Overlooking the southern side of Wilpena Pound is Rawnsley Park Station. This working sheep station has transformed into an award-winning tourist destination, attracting 20,000 outdoor enthusiasts a year. There are many ways to escape in this wilderness. You can choose hiking and mountain bike tracks, scenic flights, and 4WD tours. You’ll find unique photo opportunities, a swimming pool, or a shady tree to read a book under.
Accommodation options include campsites, the Rawnsley Homestead for 2 couples or a family, self-contained holiday units, or luxury eco villas. The ceilings in these villas retract, offering night-sky viewing from the comfort of your bed. With no artificial light to interfere with the dark night sky, the Australian outback is one of the most impressive skies in the world to stargaze.
Modern Australian cuisine is on the ever-changing menu at the onsite Woolshed Restaurant, situated in an authentic Australian woolshed with a focus on local produce and native ingredients. I recommend the home-grown lamb or the Pepperberry Roo.
Pro Tip: While I suggest you spend a few days here, a package is available for those on limited time. Priced from around $2,000 AUD per couple, it includes 2 nights in an eco-villa, a 30-minute scenic flight, and a full day 4-wheel-drive tour, including lunch.
4. Port Noarlunga
Port Noarlunga is a beachside suburb 40 minutes south of Adelaide — and one I know really well because I live there!
I’m fortunate to live on a stretch of the Onkaparinga River, less than half a mile from where it flows gently against oche-colored cliffs to the sea. This section is tidal, so the crystal clear, calm saltwater makes it popular for kayaking, stand-up paddle boarding, and swimming. Dogs love it, too, as they are allowed off the leash here, with their owners choosing this location for their regular walks.
A leisurely stroll across the river on a boardwalk, then through sandhills, provides access to Southport Beach. Named a top 10 beach in Australia in 2020, it is an excellent surfing beach for board riders and body surfers. Incidentally, the criteria used to judge the best beach included “international suitability, beach safety, engagement with authentic Aussie locals, and how likely one would be to recommend the beach to a friend.” For an alternative walk, there is a dedicated walk/cycle path along the river.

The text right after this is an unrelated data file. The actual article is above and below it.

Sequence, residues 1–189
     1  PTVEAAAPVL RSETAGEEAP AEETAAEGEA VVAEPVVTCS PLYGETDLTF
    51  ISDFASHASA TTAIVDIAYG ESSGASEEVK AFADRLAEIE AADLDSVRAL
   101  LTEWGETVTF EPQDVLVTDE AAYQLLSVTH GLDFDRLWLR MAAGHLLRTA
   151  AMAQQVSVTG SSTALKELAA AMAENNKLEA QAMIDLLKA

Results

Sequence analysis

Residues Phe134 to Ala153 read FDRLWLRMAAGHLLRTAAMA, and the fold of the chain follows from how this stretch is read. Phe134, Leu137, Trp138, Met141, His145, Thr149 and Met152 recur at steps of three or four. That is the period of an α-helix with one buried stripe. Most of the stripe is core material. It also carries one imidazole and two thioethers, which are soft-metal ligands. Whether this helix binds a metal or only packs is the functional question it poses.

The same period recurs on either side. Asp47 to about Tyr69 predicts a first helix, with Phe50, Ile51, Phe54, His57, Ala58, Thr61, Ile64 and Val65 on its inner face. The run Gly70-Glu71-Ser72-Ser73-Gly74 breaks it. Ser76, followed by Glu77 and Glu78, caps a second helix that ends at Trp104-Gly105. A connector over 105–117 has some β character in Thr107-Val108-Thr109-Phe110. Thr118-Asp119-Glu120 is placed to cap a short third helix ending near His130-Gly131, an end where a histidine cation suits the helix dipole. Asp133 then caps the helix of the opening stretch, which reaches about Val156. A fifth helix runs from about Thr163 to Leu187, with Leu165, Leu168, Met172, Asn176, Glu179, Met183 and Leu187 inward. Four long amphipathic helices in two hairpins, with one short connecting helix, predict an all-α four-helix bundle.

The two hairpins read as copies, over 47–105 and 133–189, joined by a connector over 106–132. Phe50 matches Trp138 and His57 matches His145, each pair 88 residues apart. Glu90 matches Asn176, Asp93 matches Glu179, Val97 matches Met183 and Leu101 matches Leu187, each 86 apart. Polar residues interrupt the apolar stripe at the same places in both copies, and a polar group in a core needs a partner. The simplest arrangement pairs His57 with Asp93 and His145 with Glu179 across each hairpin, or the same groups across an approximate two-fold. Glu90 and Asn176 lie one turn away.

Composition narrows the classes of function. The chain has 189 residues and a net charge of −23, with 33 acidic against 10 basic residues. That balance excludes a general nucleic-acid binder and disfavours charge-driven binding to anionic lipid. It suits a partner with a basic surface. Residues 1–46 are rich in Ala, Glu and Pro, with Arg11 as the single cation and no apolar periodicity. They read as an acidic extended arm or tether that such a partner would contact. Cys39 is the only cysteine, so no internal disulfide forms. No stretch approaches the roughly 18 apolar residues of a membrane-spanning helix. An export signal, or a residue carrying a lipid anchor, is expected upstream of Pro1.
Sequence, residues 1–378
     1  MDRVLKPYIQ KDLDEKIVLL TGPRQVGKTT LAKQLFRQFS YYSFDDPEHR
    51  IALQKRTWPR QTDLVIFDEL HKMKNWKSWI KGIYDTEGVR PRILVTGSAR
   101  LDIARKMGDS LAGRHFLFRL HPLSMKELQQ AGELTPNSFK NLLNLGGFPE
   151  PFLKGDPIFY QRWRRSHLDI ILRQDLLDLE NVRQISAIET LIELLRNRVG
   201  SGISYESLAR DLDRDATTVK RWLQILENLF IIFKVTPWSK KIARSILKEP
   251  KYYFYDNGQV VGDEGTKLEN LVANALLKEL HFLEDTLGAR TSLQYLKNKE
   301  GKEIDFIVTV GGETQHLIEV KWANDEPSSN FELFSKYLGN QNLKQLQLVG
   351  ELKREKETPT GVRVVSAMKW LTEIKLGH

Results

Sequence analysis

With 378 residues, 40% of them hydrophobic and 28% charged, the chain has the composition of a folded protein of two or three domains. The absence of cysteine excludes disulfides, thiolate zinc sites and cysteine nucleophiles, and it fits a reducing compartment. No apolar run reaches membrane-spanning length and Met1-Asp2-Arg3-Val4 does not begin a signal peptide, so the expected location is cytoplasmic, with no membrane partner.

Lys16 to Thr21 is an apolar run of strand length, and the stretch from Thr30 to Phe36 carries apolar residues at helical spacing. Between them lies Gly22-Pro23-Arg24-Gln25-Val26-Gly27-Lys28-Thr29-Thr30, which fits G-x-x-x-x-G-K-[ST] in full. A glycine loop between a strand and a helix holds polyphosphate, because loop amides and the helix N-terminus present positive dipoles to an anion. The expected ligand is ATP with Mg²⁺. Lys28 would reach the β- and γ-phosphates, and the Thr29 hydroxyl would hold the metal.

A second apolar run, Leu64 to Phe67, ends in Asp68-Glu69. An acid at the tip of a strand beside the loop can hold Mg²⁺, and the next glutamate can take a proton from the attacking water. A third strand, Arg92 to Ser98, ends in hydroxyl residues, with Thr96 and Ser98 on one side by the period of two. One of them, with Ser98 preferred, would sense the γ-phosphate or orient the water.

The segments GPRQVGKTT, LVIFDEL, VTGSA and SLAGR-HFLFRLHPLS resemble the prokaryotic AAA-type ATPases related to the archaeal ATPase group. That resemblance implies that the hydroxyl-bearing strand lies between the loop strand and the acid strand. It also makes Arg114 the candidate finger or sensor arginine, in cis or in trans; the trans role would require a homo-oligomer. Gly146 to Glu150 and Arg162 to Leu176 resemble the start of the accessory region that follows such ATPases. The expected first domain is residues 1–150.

In Port Noarlunga, a heritage-listed reef lies just off the end of the pier. The town also offers excellent restaurants overlooking the sea, casual cafes for coffee and breakfast, a bakery, a hotel, and bespoke shopping outlets. Award-winning Hortas Restaurant is a special place to watch the sun set over the sea while enjoying seafood or Portuguese cuisine.
The Onkaparinga is not a mighty, majestic, or grand river. But it brings pleasure, exercise, fresh air, a sense of community, a way of life for me, and an escape for many others.
Pro Tip: I recommend the E-bike and Wine Tour conducted by Gone AWOL Tours. Meet at nearby Moana, then take a casual ride to the McLaren Vale wine region. The first stop is for coffee, then wine tasting and lunch. The tour continues on a minibus, so you can enjoy the world-class wines and cuisine without worrying about a return ride.
5. Kangaroo Island
Kangaroo Island lies 8 miles off the mainland of South Australia, southwest of Adelaide. It is approximately 1,700 square miles, about two-fifths the size of Hawaii. With a population of less than 5,000, it is a nature lover’s paradise. Abundant with native wildlife, including sea lions, koalas, echidnas, penguin colonies, and diverse bird species, the island receives 140,000 visitors each year.
They say the further you travel away from the mainland, the more life seems uncomplicated, and your troubles seem further away. Kangaroo Island is definitely somewhere to escape to. You can be as active or passive as you like. There are only three main towns and plenty of stunning coastlines, natural bush, and farmland between these.
There is an array of accommodation options on the island, including beachside cottages, lighthouse keepers’ cottages, stunning hotels, and retreats. Those with an immersive desire might choose glamping or a farm stay to get to know the locals. Regardless of where you stay, you’ll find art, culture, local wines, fresh produce, and honey, with friendly people around every turn.
Pro Tip: While you’re very likely to see a range of native animals in the wild, I recommend a visit to Kangaroo Island Wildlife Park to see and learn about over 150 species of Australian native animals, reptiles, and birds — and a chance to cuddle a koala.
Many international travelers put Sydney, Melbourne, and the east coast of Australia on their list when planning a trip Down Under. South Australia is often thought of as the forgotten cousin. Still, I can assure you it punches above its weight in the tourism stakes, and you won’t find friendlier people anywhere. I hope to see you here one day!